The National WWII Museum is a world-class, immersive experience telling the history of American participation in the global conflict through detailed exhibits, multimedia experiences and the personal stories of those it touched. A highlight is the 4D-experience called “Beyond All Boundaries.” Most people don’t think of this kind of history museum when they think of fun-loving New Orleans, but it’s a stop that shouldn’t be missed.
The Presbytère (part of the Louisiana State Museum) flanks St. Louis Cathedral in the French Quarter. Its two permanent exhibits tackle the topics of the city’s Mardi Gras and the challenge of living with hurricanes.
The French Quarter Galleries in The Historic New Orleans Collection on Royal Street explore how and why the unique neighbourhood developed, using original artifacts and state-of-the-art interactive video and audio technologies. The French Quarter by Night film spans three centuries, from a mosquito infested Mississippi River bank to the modern Mardi Gras frivolities.
The new Louisiana Children’s Museum in City Park features interactive, educational exhibits, a Mississippi water exhibit that shows the importance of the “river highway,” learning gardens and interpretive wetlands.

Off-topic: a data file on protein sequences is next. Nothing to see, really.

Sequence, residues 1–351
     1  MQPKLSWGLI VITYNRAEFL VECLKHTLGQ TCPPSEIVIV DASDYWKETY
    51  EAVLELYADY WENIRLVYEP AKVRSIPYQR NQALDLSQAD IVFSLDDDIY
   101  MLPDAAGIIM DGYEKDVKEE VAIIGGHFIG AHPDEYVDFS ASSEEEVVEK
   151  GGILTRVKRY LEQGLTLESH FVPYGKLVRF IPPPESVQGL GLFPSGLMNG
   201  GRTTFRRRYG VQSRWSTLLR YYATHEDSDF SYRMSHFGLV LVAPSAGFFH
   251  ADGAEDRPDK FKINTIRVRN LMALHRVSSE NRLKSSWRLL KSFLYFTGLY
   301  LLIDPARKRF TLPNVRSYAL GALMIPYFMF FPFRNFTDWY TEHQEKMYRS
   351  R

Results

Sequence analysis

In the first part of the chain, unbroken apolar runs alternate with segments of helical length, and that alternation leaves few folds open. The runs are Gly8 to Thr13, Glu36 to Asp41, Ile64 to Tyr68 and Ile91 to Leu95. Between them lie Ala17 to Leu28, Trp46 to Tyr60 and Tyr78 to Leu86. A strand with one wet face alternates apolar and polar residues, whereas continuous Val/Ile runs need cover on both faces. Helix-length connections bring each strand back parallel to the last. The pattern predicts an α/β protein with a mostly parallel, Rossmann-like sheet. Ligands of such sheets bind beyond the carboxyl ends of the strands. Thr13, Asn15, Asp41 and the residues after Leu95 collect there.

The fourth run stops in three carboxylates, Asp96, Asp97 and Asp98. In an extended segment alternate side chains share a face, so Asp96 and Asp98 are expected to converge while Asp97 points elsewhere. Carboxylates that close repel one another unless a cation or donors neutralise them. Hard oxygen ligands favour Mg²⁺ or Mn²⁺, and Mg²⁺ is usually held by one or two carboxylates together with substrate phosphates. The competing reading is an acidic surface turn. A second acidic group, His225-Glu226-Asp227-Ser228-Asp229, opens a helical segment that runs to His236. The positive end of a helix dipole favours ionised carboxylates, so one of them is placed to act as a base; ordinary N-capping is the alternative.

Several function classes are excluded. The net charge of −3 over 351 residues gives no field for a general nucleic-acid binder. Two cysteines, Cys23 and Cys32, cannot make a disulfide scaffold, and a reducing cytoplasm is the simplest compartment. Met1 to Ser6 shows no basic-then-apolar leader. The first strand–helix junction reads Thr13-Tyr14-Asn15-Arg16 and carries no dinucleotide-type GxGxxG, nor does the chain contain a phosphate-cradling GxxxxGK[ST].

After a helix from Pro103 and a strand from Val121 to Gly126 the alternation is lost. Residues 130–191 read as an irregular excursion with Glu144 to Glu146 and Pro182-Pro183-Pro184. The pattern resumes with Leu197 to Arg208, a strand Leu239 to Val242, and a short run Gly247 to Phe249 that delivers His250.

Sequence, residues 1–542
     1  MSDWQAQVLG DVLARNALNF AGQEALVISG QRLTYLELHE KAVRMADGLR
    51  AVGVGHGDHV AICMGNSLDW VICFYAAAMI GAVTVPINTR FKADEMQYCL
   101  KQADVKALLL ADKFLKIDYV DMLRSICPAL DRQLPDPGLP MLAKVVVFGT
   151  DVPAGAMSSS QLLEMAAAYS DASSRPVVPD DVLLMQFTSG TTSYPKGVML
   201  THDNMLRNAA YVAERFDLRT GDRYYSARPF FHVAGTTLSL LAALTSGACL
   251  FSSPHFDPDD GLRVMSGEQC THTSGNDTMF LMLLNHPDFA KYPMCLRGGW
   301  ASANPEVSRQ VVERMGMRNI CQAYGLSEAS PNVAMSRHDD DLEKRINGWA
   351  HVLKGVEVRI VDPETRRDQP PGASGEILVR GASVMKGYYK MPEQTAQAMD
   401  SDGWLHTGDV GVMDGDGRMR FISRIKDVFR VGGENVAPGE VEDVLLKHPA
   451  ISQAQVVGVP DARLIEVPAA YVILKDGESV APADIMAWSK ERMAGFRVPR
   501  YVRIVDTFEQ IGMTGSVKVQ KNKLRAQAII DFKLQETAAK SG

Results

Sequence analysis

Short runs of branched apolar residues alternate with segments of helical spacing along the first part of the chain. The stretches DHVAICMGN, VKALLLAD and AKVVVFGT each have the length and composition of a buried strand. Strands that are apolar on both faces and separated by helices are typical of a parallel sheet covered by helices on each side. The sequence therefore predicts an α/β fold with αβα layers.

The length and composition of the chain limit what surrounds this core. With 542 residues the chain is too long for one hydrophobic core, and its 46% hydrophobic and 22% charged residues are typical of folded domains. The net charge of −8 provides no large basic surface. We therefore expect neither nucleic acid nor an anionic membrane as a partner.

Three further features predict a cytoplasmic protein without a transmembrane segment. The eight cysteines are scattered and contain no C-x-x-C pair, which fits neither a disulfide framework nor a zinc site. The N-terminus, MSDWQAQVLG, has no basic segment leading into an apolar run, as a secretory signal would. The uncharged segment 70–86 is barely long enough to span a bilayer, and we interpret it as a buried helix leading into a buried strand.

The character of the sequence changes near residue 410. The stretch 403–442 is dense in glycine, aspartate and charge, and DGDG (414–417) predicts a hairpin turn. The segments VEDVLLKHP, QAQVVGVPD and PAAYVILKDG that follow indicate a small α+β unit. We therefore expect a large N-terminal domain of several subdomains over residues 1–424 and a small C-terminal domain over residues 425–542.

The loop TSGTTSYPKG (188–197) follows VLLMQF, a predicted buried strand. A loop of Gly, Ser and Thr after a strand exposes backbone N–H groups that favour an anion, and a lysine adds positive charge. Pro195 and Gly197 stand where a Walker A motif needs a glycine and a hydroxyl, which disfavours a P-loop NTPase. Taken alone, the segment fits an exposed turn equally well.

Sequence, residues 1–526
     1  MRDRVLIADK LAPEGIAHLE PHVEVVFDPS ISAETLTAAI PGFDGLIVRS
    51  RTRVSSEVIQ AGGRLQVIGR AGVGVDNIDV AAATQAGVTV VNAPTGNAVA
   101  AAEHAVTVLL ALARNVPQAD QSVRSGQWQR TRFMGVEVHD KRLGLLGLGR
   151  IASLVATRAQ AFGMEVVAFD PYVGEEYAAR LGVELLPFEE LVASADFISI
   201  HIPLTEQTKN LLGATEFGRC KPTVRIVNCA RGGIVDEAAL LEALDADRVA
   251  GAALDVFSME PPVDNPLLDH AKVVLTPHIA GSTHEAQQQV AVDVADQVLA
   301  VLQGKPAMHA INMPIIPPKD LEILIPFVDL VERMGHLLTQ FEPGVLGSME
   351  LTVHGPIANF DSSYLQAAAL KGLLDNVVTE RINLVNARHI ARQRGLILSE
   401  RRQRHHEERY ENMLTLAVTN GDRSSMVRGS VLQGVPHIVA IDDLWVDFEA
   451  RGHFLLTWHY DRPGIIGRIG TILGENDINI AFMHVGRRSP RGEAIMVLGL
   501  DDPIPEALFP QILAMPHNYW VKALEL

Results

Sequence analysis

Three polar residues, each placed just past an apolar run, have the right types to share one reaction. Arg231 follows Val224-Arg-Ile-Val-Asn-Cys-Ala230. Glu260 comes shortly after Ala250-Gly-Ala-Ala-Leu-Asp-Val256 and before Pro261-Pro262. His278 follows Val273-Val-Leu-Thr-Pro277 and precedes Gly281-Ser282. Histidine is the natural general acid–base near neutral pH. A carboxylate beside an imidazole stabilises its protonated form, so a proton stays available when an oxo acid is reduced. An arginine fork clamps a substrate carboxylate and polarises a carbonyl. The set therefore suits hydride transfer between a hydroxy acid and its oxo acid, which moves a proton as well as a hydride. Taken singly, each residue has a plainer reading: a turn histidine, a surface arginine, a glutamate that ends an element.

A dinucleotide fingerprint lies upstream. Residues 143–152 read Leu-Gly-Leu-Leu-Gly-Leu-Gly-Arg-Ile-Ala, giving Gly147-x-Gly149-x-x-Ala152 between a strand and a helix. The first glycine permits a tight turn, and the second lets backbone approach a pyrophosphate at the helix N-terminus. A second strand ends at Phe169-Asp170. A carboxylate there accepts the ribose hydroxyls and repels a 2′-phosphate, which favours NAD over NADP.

The Sazerac House treats visitors to a free, high-tech journey through the history and culture of spirits in New Orleans, including the world-famous Sazerac Cocktail. Visitors sidle up to the video bar, push a button and order a drink; the digital bartender creates the drink in front of you and slides it across the virtual counter.
Visits to NOLA’s famed above-ground cemeteries have always been popular. The city’s oldest, St. Louis #1 in the Tremé neighbourhood, recently was restricted to licensed, guided tours. It’s the final resting place of Marie Laveau, the 19th-century voodoo queen of New Orleans, as well as home to actor Nicolas Cage’s strange (as yet empty) pyramid tomb. The city’s other cemeteries can be explored without a guide.
MARK THESE DATES in 2020
Mardi Gras: February 25
New Orleans Jazz & Heritage Festival: April 23-May 3
Satchmo SummerFest: July 31-August 2